Industrialization of CAR-T Therapies – Autologous vs Allogeneic: Common and Uncommon Hurdles

  • Industry evolution at a glance
  • Donor Variability, the greatest source of variability for cell therapies. Thoughts on characterizing and accommodating this variability
  • Process considerations for Autologous CAR and the importance of a good data ecosystem to provide insight and understanding to this highly complex therapeutic modality
  • Brief introduction to Kyverna

Karen Walker
Chief Technology Officer

Kyverna Therapeutics

Karen Walker, Chief Technology Officer, Kyverna Therapeutics.  Karen brings >30 years’ experience in the biotech industry, holding positions in Technical Development, Regulatory Affairs and Quality. She has worked in a number of companies including Roche/Genentech, Seattle Genetics, Novartis, Amgen, Bayer, and several other small to mid-sized biotech companies.

Her experience with Cell and Gene Therapies includes serving in the role of Senior Advisor for Cell and Gene Therapy at Roche/Genentech from 2019- Aug 2021 at which time she joined Kyvernta Therapeutics.  As Sr. Advisor, Karen advised the RGNE community on aspects of development and industrialization of cell-base and gene-based therapies (ATMPs) across the development lifecycle including topics important for patient engagement, supply management, control strategy development and linking the data across the different areas of research, clinical development and CMC to gain insight into how the products perform with respect to safety, efficacy and durability of benefit.  Prior experience included serving as VP and Global Head of Technical Development and Manufacturing for Novartis’ Cell and Gene Therapy Unit where she led the CMC teams through the formation of the strategies and the execution of those strategies to develop Kymriah through the pivotal trial stage and to filing of the first CAR-T BLA in Pediatric ALL.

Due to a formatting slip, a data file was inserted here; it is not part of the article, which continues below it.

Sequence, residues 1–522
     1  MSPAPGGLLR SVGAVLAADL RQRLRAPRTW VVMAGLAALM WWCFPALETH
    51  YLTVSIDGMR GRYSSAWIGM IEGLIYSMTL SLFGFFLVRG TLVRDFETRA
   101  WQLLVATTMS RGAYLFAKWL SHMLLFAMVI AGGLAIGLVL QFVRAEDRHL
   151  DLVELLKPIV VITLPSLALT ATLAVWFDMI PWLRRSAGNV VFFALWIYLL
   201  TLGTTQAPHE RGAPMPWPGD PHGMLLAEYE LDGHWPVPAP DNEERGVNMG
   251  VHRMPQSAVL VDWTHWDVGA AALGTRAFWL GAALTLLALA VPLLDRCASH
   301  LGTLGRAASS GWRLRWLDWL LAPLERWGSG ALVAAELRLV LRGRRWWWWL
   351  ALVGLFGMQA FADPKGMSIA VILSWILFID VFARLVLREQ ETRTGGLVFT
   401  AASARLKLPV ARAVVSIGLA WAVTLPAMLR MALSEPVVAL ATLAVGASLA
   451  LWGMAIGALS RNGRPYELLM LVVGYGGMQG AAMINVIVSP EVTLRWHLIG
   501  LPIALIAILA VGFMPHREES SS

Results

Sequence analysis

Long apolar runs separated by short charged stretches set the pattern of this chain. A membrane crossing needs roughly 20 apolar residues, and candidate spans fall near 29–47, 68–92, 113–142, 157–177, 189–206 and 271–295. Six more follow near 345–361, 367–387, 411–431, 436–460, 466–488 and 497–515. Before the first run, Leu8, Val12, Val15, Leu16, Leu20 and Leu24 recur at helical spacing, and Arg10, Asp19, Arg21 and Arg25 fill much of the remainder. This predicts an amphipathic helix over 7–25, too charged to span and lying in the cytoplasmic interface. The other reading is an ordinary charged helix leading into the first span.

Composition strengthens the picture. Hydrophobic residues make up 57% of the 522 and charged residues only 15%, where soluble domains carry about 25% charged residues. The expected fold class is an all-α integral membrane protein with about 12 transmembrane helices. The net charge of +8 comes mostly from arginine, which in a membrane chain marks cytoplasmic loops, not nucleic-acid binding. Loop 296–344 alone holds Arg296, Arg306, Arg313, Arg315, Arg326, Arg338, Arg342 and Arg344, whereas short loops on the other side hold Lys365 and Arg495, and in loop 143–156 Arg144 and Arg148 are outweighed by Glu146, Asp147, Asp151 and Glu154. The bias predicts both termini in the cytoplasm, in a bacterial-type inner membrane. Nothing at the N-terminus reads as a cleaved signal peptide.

Karen’s years of experience in Biopharma Technical Development, Quality, Regulatory CMC, and Manufacturing (including Cell and Gene Therapy), both within the US and Europe have contributed to honing a mind-set and approach that is strategic, forward looking and adaptive.  The challenges that are present in the development of ATMPs, including shortened development time (4 years faster than traditional pharmaceutical or biopharmaceutical products), complex supply chains including supply security for single patient delivery, largely poorly characterized and poorly understood product mechanism of action, rapidly evolving technology and changes to the way we work, are all inspiring and energizing as the field of ATMPs emerges and evolves.

A strong focus of Karen in this emerging field has been active external engagement with industry/trade organizations and dialogue with Health Authorities and Standards bodies to influence the regulatory framework for these products and advocating for stronger harmonization across regions.